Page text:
The plaintive appeal in a Sept. 26 Kashmir daily paper reads like so many in recent weeks: "Missing: Syed Kamal Hussain, age 17 ... Please inform" of whereabouts.
Most Kashmiris understand - another young man gone for "the training." Hundreds of Kashmiri youths in recent weeks have left without a word, crossing the nearby border into Pakistan, where they are taught how to carry out an insurrection back home.
Kashmir may have fallen out of the headlines after a battle between India and Pakistan ended in July. But here in the hamlets of this beautiful valley, a struggle between militants and 350,000 Indian security forces is escalating.
Almost every day police report three to 10 killed on either side; hopes last spring for a normal life now seem distant as militants are bent on "internationalizing" the cause of Kashmir.
The militants, often foreign-born, are getting bolder - ambushing and killing two politicians campaigning for India's national elections this month, and even attacking Army posts for the first time. Indian forces are responding in kind. Almost everyone, from police and politicians to sources close to the militants, reports that a larger campaign of violence is in the offing. Indian officials state that in the past two months some 2,000 to 3,000 militants have filtered into Kashmir across mountains that make up the disputed "line of control" separating India and Pakistan.
"We can't keep them out forever," says a weary Junior Home Minister Mustaq Hamid Lone, the No. 2 official in Kashmir responsible for law and order.
Partly, the rising violence stems from the fallout of the "Kargil war," as it is called. The bitter 12-week Indo-Pakistan war has frozen bilateral diplomacy. The overwhelming number of Kashmiris now seem in a state of permanent contempt against New Delhi. This month they boycotted Indian elections. Only 11 percent voted in the capital, Srinagar. For good or ill, and although most foreign policy experts say this is folly, what has captured the imagination of many Kashmiris is the international interventions in East Timor and Kosovo. Kashmiris see their own plight as similar to these other disputed territories. And they place hope for a process leading to independence or autonomy in the upcoming visit of US Secretary of State Madeleine Albright.
India and Pakistan, which tested nuclear weapons last year, have deep emotional as well as long-standing legal claims on Kashmir, dating to the epic partition of 1947. The two have fought four wars since that time largely over this region, and both have an implacably rigid policy on Kashmir: Both intend to have it.
India says it will "never" negotiate on Kashmir, while Pakistan wants outside brokerage over the territory.
"India and Pakistan are paying an extremely high price for their position," argues Muzzaffar-H-Baig, a Harvard-educated Kashmiri who is running for Parliament. "Kashmir is sucking money and power from India. It is creating fundamentalism on both sides. And it is a wound eating the vitals out of Pakistan."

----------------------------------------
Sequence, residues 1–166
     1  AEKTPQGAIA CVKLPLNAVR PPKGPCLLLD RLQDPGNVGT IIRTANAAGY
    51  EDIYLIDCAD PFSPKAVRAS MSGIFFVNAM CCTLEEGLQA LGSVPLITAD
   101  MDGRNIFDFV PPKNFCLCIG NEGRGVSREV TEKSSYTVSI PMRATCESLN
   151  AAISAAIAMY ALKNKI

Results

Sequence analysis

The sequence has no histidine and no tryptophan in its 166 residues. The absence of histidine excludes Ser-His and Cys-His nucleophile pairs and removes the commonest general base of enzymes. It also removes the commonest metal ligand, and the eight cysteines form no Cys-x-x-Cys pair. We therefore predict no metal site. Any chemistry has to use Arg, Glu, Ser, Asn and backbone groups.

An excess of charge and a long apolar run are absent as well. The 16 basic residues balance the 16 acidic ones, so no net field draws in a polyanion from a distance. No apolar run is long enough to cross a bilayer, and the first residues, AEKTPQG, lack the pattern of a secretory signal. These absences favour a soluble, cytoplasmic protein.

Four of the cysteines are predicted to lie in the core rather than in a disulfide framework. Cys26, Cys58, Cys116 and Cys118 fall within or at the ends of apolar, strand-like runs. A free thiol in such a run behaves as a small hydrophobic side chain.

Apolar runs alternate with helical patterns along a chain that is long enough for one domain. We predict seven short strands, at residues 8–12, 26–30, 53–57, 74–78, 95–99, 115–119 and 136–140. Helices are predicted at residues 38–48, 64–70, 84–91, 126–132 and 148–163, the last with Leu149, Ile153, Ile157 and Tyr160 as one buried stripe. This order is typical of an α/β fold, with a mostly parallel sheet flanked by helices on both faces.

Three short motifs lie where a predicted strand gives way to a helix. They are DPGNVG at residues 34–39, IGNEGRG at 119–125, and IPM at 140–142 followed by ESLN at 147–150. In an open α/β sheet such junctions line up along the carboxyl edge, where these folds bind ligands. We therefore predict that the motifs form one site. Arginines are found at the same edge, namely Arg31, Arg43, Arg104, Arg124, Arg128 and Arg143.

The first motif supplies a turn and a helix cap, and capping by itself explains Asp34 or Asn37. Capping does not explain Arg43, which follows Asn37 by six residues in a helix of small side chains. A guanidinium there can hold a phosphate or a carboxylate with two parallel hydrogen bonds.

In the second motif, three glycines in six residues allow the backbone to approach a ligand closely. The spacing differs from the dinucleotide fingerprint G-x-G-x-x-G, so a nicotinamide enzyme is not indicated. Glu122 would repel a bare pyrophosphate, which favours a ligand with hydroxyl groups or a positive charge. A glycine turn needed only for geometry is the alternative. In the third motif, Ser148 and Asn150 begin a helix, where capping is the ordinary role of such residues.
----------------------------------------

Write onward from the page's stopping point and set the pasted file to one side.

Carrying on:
The Kargil war also created a tactical opening for militancy here. When Pakistani troops occupied a 100-mile stretch of terrain in northern Kashmir, India responded by pulling border guards out of the valley to reinforce the Kargil line. This allowed militants to slip in where the troops pulled out.
Almost everyone involved says the nature of the militants is changing. In the late '90s, as the insurgency switched from local "boys" - as they called themselves - to foreign agents, the population came to hate or fear the outsiders. They often knocked down doors, forced villagers to help them, and stole food. Now the militants are trying to win favor with the local populations. They stress their authentic Islamic credentials and behave as friends.
"Instead of stealing a chicken," says local journalist Surender Oberoi, "the mujahideen today ask how much it costs. If the chicken costs 100 rupees, they will pay 150 rupees."
Equally as challenging, others say, is a cadre of some 35,000 Kashmiri boys who have been arrested, jailed, and released as suspected militants. These youths live in a no-man's-land between the "gun culture" and the Indian police. Most are unemployed. They constitute a significant potential "army" of recruits, should matters disintegrate further, though they have signed statements promising to eschew violence.
"I have given up violence. But do I have an argument for those who have seen 800 friends killed since 1996?" says Yasim Malik, who with four other "boys" started the military insurgency in 1987, and who today lives in downtown Srinagar as the representative of the Jammu and Kashmir Liberation Front. "I have taken the approach of Gandhi. But unlike the British, who never set up interrogation centers but only jailed Gandhi, the government of India tortures, rapes, and commits non-Gandhian violence every day. What do I say? What we look for is the logic of Kosovo and East Timor."
"New Delhi has not given what is needed to Kashmir," states Javaid Hussain Shah. Mr. Shah is a former militant leader who has renounced his past and is now part of the Indian government in Kashmir. "If New Delhi gave even half of what it promised, there would be no militancy in Kashmir today."
Such views are misguided, some experts say. "There is plenty of money floating in Kashmir, and plenty of roads have been built," says one expert who did not want his name used. "What this place needs is more elections and a deepening of democracy, even if the people are forced to vote again and again."
What most ordinary Kashmiris desire is peace and normalcy. Last week, a cinema in downtown Srinagar opened for the first time in 10 years. As theater-goers left in the tart night air, a militant hurled a grenade at the crowd, killing one person. The cinema closed, again.
(c) Copyright 1999. The Christian Science Publishing Society